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Steve Alpert (スティーブ・アルパート , Sutību Arupāto, born on April 19, 1950, as Stephen M. Alpert). He is known for his work on Princess Mononoke (1997), Nausicaä of the Valley of the Wind (1984) and The Wind Rises (2013).

speaks Japanese and Chinese fluently. Having lived in Tokyo, Kyoto, and Taipei for a combined third-five years. For fifteen years beginning in 1996, he was senior executive of international sales at Studio Ghibli.

In 2015, he released his memoirs in Japan entitled, I'm Gaijin. --The Man Who Sold Ghibli To The World (吾輩はガイジンである。――ジブリを世界に売った男(日本語) 単行本), published by Iwanami Shoten.[1] He released an English-edition, Sharing a House with the Never-Ending Man: 15 Years at Studio Ghibli published by Stone Bridge Press in June 16, 2020. To promote his book, he conducted an AMA on Reddit.

Career

Born in Connecticut, United States in 1950. Steve Alpert studied in the Graduate School of Oriental Studies at Columbia University under Donald Keene and Edward Seidensticker in 1979. While at college, he developed an appreciation of Japanese culture after watching Akira Kurosawa and many of Yasujiro Ozu's films. He obtained an MBA and from Columbia's Graduate School of Business in 1981. In that same year, he worked for an American consulting firm. In his Reddit AMA, he's stated he's always expressed interest in becoming a translator.

In 1986, Alpert worked in Tokyo as a vice president at Citibank Japan Private Banking Division, then in 1991, he was CFO of The Walt Disney Company Japan. In 1996, In 1996, he moved to Tokuma International after being involved in the partnership between Disney and Tokuma Shoten. Since then, he has been in charge of overseeing international sales business for Studio Ghibli, and worked closely with Toshio Suzuki and Shinsuke Nonaka. Since 2000, he has been the director of Studio Ghibli's Overseas Business Division. He has traveled with, accepted awards on behalf of, and worked closely with Hayao Miyazaki for about fifteen years. When asked about his most memorable experiences working at Ghibli, he describe them as follows:

"Visiting Ursula Le Guin to get permission to make Gedo Senki; doing a Q and A at Berkeley when Miyazaki's neice showed up as the date of a Pixar animator. She had been the model for Satsuki in Totoro and she was going to leave before talking to him because he was surrounded by fans with questions. I made her stay and brought her through the siege of fans surrounding him. He was so happy to see her. He hadn't seen her in years; visiting John Lasseter at Pixar with Miyazaki unannounced - John loves surprises and he treated us to the story of how he and Miyazaki first met; visiting Diana Wynn Jones in Bristol to screen Howl's Moving Castle for her; and others."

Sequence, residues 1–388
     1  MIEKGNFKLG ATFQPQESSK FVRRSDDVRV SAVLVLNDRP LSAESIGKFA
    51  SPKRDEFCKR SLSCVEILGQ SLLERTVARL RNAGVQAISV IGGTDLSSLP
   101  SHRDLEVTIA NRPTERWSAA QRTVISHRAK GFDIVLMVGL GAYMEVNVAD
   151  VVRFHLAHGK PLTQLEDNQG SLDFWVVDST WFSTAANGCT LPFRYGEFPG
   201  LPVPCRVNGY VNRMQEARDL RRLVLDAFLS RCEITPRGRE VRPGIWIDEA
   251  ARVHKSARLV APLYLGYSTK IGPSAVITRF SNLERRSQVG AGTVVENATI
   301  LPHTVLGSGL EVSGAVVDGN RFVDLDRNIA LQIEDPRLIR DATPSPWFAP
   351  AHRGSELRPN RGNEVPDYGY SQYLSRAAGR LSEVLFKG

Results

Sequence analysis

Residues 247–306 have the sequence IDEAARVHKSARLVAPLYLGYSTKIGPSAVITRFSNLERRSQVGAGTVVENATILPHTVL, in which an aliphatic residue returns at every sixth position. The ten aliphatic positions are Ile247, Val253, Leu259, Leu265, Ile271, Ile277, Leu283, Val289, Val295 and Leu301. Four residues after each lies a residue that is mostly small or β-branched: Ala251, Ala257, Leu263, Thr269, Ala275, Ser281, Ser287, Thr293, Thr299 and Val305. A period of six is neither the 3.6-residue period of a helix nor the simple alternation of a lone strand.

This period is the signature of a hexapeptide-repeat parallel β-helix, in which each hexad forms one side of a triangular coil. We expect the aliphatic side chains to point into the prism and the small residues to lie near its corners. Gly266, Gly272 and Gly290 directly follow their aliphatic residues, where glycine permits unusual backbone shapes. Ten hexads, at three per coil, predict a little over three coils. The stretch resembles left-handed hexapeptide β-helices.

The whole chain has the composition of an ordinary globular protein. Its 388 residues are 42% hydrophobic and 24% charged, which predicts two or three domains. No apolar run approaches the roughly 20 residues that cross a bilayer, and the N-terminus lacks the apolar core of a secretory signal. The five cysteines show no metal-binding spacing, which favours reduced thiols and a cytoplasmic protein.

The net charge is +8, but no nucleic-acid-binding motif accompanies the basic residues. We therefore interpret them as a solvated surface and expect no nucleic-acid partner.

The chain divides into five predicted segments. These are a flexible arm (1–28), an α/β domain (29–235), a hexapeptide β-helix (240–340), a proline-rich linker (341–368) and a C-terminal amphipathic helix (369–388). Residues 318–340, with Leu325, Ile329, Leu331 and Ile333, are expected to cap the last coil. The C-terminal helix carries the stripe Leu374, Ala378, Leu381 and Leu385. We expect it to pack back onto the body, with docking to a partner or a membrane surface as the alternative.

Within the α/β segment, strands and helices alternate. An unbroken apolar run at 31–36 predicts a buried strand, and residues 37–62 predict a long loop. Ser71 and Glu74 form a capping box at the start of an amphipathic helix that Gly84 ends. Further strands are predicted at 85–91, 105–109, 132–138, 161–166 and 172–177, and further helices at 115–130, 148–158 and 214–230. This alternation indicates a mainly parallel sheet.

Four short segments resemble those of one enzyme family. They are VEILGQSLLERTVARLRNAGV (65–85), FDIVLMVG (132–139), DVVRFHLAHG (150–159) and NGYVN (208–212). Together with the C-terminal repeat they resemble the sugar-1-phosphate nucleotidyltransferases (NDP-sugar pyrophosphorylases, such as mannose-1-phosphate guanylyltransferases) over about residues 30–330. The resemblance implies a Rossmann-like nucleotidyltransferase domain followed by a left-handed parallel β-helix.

In his memoirs, he clarified that Miyazaki didn't veto the new score composed by Joe Hisaishi made for Disney's localization of Castle in the Sky:

"So "vetoed" the score doesn't mean he didn't like it. When we proposed to Miyazaki that Disney let Hisaishi Joe re-do the score everyone expected Miyazaki to just say no. What he said was that Hisaishi-san had always wanted more music in the score and that at the time he had said no, but he was curious what Joe would do if given free reign (almost free reign). Disney was paying for it.

We recorded the new music for the soundtrack in Seattle and brought it back for Miyazaki to hear. He listened to it and said "Naruhodo. Omoshiroi. Jya, dame desu ne." By that he didn't mean that the score was "dame" (not good). He meant that it wasn't approved for the about to be released English version of the film. His reason as he later explained was that any film is a product of the time in which it was created and carries with it a hint of the atmosphere of the time, including what would have been technologically possible or economically viable. He thought it would be wrong to change the ambiance of the original film by adding enhanced music. In other words, Hisaishi's new version was just another possible take on the music. Miyazaki was curious to hear what that take would be.

There is no question that he said no to including it in the version we were about to release. But he never said he didn't like the music. I genuinely have a deep respect for Hisaishi Joe and his immense talent. I am 100% sure about my claim which must be verifiable by looking at whatever version of the film that was released at the time. I can't remember if Hisaishi was actually present when we played the music for Miyazaki to get his permission. But probably Mikiko Takeda was, and Nonaka-san at Ghibli might or probably would remember if you want to fact-check me."

He also recalls a memorable experience between fans and their reactionn to Studio Ghibli's films:

"I can't remember if it was in the book or not, but when we screened Spirited Away in Japan, every single time when the lights came up in the theater at the end of the movie almost the entire audience was in tears. Every time."

He speaks Japanese and Chinese fluently, having lived in Tokyo, Kyoto, and Taipei for a combined total of over 35 years. He has translated more than a dozen Japanese films and several short works of Japanese fiction. He has been married to Cynthia Wang since July 22, 1979.

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